Shared History: A Review Of Ronnie Browne’s Autobiography That Guy Fae The Corries
If you asked most people in the street, “Who is Ronnie Browne?”, I doubt they would be able to tell you without you dropping a strong hint. If you said, “..that guy fae The Corries”, or showed them a picture (see left), the majority would know immediately. Beside Roy Williamson, he was one half of Scotland’s most iconic musical duo, and as a result both were best known collectively rather than as individual musicians. That’s obviously something that Browne is well aware of as That Guy Fae The Corries is the name of his autobiography, and it shows a modesty and self-deprecating sense of humour that runs through the book.
It is written with a warmth and humility which won’t surprise those who are aware of The Corries’ body of work, but it may surprise those who have preconceived ideas what a ‘Corrie’ autobiography is going to be like.
But then The Corries spent their career confounding people’s expectations and breaking down their prejudices. Too folk for more modern music fans, but too ready to entertain for some of the more earnest balladeers, they plowed their own musical furrow determined to play the songs they loved while giving people a good night out. That strength of purpose and certainty of identity is on each page of Browne’s book.
It begins at breakneck speed with the author recounting his Edinburgh childhood as most of us do our own, in an almost scattergun fashion which is a delight to read. There’s a snatch of a summer’s day here and an early, fleeting, friendship there. There are the memories of first loves and formative influences, and I have the feeling that there would likely be some different stories to recount if he were to start the book over again as another day would trigger other recollections about that time and the people he grew up with. As with most families, Browne’s had plenty of secrets and lies, and shared stories which are somewhere between the two. What unfolds is an incredibly evocative depiction of a young life in post-war Britain, and it is worth reading the book for his reminiscences of those early days alone.
The memories of youthful vigour give way to those of those of a young adult, and inevitably the pace of the book slows. Browne recalls how he came to paint (he is a successful portrait artist), his early entry into the Scottish music scene, his relationship with Roy, their appearances on many TV shows (often sharing the stage with some of the best known entertainers of the day), and, of course, the birth of a national anthem as their song “Flower Of Scotland’ takes on a life of its own. Just how that song has influenced individual men and women, and various teams (not all of them Scots) could be a book all of its own.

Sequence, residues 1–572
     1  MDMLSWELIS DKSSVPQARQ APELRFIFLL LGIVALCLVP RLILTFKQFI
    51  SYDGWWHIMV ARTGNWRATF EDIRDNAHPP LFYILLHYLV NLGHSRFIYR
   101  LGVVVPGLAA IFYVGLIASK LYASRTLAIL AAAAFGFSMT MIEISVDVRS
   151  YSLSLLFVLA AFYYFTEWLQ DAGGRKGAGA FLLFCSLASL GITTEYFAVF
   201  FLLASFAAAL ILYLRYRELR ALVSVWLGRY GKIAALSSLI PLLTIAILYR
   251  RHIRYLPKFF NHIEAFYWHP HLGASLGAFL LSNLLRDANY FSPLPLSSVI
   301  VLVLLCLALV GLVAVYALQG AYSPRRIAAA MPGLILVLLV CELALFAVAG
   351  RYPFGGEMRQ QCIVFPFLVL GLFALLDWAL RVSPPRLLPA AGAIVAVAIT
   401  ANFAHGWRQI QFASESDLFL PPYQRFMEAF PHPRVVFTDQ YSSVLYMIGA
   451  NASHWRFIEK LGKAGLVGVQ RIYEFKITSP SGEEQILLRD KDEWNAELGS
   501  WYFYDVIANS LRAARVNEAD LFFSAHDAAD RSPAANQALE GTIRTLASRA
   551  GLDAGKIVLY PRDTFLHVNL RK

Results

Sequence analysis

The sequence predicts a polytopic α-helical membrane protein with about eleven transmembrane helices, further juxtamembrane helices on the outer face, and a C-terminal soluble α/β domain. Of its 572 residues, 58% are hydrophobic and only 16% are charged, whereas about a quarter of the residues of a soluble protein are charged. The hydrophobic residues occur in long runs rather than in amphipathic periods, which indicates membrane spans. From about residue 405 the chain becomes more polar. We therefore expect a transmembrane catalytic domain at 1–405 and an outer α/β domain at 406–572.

The Corries always stood aside from their contemporaries in the way they sounded and the way they looked. As with many musicians who have a strong image, it can often overshadow their music. For a long time they were the public face of Scottish trad and folk music at a juncture when culturally that form of music was seen as old-fashioned at best. What Browne makes clear is that they cared nane about such criticisms. They knew what they wanted to play, and how they would play it. More importantly there was a large and loyal audience who wanted to hear them do just that. As folk music is once more fashionable the influence of The Corries, and just how good they were, should not be overlooked and as such this book is timely. Ronnie Browne’s journey from being one of the new kids on the musical block, as part of The Corrie Trio and Paddie Bell, to singing at Glasgow’s Commonwealth Games in 2014 is remarkable as few musicians can dream of a career as long and successful.
The Corries may have made the headlines, but what keeps you reading, what you really care about and where the real story is to be found, is what was going on behind the headlines. It is the story of a close network of friends and family as they deal with all the things that life puts in their way. There are births, deaths and marriages; defeats, triumphs, arguments and reconciliations. Whatever is thrown at them, they face it together. James Kelman stated that real drama is to be found in ordinary people’s everyday lives, and it is in the everyday that the drama of Ronnie Browne’s life really shows itself. The clarity of such moments show he retains an artist’s eye for detail in the telling.
In recent times there has been the trend for people to write their autobiographies before they are of any real age. Katie Price had published five before her 36th birthday, for heaven’s sake. If ever there was a book which proved that autobiography should be an undertaking left ’til later in life it is That Guy Fae The Corries. If you like your biographies sensationalist then you should look elsewhere. There are plenty of recollections of the great and the good Ronnie Browne worked with and met over the years, from Lonnie Donegan to Hercules the Bear, but he is not a man to monger gossip. What you do get is the story of a life well lived written by someone with a healthy sense of what is important in life, and who.
Here are just a couple of examples of what The Corries did better than most. This is ‘Hunting Tower’ followed the heartbreaking ‘Green Fields of France’:
*The next Scots Whay Hae! podcast will be an interview with Ronnie Browne, and if the book is anything to go by it will be a cracking listen.